Real-life results of switching from preserved to preservative-free artificial tears containing hyaluronate in patients with dry eye disease
Received 16 December 2017
Accepted for publication 29 June 2018
Published 23 August 2018 Volume 2018:12 Pages 1519—1525
Checked for plagiarism Yes
Review by Single anonymous peer review
Peer reviewer comments 4
Editor who approved publication: Dr Scott Fraser
Linda Nasser,1 Malgorzata Rozycka,2 Gabriela Gomez Rendon,3 Alejandro Navas4
1Institute for Prevention of Blindness in Nuevo Leon, Monterrey, Mexico; 2Théa Laboratories, Mexico City, Mexico; 3Private practice; 4Cornea department, Institute of Ophthalmology, Conde de Valenciana, Mexico City, Mexico
Background: Dry eye disease (DED) is a chronic, multifactorial disease of the ocular surface leading to discomfort, visual disturbance, and tear film instability, with potential damage to the ocular surface.
Aim: The aim of this study was to assess the clinical benefit of a switch from preserved to preservative-free artificial tears (ATs) containing hyaluronate in patients with DED.
Materials and methods: This is a nationwide, multicenter, noninterventional, and transversal observational survey.
Results: The mean age was 51.0±15.4 years, ranging from 6 to 96 years. The majority (61.4%) was female. The mean Ocular Surface Disease Index (OSDI) before the switch was surprisingly high at 56.0±23.5, and 73.0% of the patients had superficial punctate keratitis (SPK). The mean duration of use of preserved ATs before the switch was 15.8±12.1 months. OSDI scores and the presence of SPK correlated with the patients’ ages but were independent of the duration of treatment with the preserved AT. The patients using ATs containing “soft” or “vanishing” preservatives presented exactly the same clinical pattern (level of OSDI and frequency of SPK) as those using ATs containing classical preservatives such as benzalkonium chloride (BAK). After switching to preservative-free AT containing hyaluronate (Hyabak®), the OSDI of 97.0% of the patients improved, decreasing from an average of 56.0 to an average of 28.2, with 23% of patients reporting a normal value of OSDI. The SPK frequency as well improved dramatically, with a frequency of positive fluorescein staining dropping from 73% to 46.1% of patients. A total of 94.0% of the patients considered that they preferred being treated with the preservative-free AT.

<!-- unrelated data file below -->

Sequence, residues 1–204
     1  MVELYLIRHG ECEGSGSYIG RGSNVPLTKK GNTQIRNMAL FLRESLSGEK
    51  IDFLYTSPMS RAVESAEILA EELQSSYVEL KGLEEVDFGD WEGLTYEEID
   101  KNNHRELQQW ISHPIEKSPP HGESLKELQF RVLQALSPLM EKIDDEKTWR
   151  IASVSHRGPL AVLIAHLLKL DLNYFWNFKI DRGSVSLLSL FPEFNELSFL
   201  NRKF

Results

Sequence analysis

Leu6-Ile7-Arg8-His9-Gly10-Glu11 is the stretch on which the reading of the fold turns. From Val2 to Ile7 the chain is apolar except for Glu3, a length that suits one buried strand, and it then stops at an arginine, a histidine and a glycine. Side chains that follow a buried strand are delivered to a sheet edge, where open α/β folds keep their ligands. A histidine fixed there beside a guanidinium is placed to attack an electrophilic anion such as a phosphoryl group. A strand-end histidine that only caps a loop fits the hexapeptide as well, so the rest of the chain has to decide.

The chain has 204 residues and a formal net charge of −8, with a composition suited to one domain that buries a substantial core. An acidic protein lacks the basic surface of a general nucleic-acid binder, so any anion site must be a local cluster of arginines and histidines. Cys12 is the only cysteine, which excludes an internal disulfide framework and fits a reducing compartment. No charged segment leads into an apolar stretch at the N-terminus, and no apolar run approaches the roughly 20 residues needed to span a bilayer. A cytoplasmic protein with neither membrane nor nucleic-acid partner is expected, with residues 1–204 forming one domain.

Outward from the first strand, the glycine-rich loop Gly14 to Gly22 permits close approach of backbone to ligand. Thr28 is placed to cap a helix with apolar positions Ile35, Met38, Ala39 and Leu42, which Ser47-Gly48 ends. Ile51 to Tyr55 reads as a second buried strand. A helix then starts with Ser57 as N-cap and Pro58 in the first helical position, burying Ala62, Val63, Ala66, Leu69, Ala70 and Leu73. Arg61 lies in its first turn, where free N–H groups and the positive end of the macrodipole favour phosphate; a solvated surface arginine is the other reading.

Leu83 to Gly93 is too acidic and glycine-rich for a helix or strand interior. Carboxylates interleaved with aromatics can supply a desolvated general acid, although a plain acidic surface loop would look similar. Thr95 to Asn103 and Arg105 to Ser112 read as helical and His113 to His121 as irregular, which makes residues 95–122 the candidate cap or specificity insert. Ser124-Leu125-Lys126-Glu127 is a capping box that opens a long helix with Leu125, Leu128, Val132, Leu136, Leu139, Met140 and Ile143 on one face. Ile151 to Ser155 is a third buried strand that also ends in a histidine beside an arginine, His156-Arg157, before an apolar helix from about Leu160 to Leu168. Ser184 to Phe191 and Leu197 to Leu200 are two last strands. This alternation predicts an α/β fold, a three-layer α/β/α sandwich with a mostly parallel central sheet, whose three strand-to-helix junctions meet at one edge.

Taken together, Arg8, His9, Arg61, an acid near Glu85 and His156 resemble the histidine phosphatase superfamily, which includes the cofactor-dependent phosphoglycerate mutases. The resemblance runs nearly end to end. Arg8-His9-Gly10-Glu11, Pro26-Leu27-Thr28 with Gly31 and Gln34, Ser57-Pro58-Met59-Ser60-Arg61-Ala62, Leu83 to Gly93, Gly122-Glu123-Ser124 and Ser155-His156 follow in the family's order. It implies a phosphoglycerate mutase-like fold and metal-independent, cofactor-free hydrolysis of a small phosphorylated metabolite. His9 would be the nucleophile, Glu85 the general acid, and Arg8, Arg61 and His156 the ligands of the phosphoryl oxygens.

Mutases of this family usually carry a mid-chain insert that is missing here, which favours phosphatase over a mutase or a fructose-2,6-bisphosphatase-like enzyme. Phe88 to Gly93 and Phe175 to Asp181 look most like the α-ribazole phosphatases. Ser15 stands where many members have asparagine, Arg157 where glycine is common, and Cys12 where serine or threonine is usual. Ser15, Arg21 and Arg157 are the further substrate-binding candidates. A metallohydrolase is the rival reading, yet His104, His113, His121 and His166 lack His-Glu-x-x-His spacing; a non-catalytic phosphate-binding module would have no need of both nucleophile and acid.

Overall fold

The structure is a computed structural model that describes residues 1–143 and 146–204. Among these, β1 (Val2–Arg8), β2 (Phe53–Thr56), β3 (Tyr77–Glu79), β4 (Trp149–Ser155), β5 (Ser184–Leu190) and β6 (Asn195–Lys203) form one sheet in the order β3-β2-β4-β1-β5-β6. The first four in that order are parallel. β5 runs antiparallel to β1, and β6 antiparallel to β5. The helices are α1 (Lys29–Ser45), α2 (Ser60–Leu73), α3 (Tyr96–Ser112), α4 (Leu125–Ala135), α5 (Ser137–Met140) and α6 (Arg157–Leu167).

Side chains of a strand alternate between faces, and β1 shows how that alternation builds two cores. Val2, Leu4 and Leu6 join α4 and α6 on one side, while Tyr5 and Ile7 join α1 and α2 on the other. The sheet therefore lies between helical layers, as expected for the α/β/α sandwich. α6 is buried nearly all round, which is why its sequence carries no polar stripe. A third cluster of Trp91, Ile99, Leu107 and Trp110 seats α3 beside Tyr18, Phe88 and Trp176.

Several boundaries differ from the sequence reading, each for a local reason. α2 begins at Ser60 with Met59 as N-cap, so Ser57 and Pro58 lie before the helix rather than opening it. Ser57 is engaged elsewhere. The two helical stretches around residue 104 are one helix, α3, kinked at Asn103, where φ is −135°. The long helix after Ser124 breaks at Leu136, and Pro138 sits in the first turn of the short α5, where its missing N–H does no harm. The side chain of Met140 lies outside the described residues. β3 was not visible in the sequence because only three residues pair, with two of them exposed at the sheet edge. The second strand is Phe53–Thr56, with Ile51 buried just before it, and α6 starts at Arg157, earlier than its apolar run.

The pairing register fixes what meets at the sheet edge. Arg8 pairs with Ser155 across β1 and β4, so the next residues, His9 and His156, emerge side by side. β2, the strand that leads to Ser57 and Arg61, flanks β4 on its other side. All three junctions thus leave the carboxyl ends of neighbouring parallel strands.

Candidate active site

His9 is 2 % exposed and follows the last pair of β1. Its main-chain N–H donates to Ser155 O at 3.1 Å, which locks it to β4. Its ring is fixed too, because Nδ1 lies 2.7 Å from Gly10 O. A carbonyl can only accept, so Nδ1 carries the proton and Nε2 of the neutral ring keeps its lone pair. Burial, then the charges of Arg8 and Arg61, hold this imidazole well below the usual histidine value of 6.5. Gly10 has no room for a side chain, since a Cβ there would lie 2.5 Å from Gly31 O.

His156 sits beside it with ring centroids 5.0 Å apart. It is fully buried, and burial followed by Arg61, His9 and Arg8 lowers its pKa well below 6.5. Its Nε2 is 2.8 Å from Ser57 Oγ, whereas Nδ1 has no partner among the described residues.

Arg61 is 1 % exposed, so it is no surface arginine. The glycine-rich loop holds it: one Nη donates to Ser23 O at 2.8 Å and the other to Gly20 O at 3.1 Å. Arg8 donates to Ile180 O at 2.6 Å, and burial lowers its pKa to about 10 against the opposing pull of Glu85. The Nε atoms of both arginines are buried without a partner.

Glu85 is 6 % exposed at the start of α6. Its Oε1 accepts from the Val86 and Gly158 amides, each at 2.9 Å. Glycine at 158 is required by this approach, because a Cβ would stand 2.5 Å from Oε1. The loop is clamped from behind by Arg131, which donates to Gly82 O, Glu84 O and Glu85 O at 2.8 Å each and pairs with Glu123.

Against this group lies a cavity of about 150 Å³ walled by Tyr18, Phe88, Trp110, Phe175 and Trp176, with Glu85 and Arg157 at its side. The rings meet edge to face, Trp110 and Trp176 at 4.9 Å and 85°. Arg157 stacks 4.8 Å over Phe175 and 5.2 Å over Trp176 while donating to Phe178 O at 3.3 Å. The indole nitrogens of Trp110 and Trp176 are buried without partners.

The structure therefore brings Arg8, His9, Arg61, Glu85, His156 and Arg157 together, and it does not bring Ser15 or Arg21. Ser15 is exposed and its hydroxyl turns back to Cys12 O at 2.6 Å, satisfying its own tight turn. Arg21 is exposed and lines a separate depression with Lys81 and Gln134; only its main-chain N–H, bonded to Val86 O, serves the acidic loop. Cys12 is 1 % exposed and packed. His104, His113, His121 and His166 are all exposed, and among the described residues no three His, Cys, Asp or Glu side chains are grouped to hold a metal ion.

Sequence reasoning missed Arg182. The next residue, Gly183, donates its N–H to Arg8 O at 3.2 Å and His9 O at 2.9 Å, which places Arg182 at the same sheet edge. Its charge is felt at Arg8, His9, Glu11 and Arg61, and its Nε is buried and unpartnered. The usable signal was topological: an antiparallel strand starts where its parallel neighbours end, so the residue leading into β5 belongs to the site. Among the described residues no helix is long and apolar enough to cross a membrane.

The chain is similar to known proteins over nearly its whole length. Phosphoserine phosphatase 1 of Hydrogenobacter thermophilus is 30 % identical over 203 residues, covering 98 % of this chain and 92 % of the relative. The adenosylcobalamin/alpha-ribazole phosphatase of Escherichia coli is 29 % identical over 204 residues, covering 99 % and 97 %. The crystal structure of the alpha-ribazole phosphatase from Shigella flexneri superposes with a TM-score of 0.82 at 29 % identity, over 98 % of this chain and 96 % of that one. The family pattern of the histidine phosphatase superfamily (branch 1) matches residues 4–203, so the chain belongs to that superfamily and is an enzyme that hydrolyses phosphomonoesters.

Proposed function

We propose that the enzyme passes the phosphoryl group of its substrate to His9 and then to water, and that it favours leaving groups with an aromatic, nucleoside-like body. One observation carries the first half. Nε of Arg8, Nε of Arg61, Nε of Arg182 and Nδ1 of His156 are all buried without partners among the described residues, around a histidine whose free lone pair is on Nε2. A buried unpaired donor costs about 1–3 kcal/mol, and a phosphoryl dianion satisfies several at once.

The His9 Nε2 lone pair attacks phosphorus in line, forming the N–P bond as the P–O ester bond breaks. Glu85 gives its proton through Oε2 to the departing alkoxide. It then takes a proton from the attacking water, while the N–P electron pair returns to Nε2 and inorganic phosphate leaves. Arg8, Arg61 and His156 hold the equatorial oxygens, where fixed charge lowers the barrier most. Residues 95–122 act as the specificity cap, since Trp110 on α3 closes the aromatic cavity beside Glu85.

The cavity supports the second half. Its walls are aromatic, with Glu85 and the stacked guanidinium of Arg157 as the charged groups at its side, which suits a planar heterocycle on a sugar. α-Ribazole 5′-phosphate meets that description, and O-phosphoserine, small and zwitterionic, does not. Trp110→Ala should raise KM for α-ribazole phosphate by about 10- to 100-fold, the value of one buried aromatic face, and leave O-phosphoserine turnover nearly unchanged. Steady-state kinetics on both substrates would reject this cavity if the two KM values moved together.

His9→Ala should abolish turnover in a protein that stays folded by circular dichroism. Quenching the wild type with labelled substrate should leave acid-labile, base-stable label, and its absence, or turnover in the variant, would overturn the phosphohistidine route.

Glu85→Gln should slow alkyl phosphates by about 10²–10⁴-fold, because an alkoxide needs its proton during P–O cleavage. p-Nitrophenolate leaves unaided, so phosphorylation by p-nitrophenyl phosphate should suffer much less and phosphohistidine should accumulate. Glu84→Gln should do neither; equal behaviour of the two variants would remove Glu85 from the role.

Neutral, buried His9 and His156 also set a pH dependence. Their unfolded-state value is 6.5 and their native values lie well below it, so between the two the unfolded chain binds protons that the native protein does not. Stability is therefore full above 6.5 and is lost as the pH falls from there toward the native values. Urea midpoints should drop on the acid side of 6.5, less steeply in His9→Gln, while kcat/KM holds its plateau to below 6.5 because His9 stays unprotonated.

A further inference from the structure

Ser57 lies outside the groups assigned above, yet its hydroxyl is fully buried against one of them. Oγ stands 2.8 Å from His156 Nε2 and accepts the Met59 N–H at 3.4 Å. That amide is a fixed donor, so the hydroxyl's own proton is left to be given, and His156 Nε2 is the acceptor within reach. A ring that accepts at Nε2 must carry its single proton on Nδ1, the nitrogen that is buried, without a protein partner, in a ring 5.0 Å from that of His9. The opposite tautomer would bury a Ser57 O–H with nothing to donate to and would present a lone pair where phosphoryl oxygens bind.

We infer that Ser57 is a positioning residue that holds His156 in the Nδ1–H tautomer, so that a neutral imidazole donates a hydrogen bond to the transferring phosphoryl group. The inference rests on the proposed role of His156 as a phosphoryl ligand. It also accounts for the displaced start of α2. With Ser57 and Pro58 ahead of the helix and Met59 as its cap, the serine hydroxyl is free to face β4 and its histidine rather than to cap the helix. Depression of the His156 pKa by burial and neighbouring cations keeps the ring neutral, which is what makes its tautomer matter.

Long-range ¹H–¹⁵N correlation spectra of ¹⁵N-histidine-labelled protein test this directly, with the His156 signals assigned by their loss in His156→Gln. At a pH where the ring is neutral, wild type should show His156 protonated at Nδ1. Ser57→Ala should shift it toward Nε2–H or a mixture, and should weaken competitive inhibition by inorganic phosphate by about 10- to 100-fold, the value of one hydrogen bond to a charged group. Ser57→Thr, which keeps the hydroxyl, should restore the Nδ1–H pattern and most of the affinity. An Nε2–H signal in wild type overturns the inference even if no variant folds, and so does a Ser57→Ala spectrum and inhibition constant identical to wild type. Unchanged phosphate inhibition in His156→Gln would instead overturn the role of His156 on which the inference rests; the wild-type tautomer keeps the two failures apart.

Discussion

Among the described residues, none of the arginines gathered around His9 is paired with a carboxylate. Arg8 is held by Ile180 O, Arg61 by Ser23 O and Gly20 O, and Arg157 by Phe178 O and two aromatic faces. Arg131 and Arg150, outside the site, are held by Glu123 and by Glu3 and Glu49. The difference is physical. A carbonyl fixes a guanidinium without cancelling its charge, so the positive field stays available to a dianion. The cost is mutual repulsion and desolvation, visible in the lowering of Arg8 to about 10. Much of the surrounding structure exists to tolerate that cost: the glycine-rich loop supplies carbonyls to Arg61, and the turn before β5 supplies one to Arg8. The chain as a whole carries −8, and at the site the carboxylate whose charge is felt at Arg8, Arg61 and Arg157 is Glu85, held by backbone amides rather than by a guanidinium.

Conclusion: In patients suffering from DED and treated with a preserved AT, switching to a preservative-free AT provides clinical benefit by decreasing the severity of DED and reducing the prevalence of SPK, even after only 3 weeks of daily use of the preservative-free AT.
Keywords: dry eye syndrome, ocular surface diseases, preservative-free artificial tears, benzalkonium chloride free
Dry eye is a multifactorial disease of the ocular surface, resulting in discomfort, visual disturbance, and tear film instability, with potential damage to the ocular surface. Dry eye disease (DED) occurs along with an increased osmolality of the tear film and subacute inflammation of the ocular surface.1 Stress to the ocular surface, including environmental and genetic factors, infection, endogenous stress, and antigens are the main triggers. Proinflammatory cytokines, chemokines, and matrix metalloproteinases lead to the expansion of autoreactive T-helper cells, which infiltrate the ocular surface and lacrimal gland, resulting in a vicious circle of damage to the ocular surface and inflammation.2–4
DED affects 5%–34% of people globally, and its prevalence increases with age.5–10 The large differences in prevalence are due to variations in study populations, differences in geographical, and differences in method and, until the middle of 2007, variations in the definition of the disease.4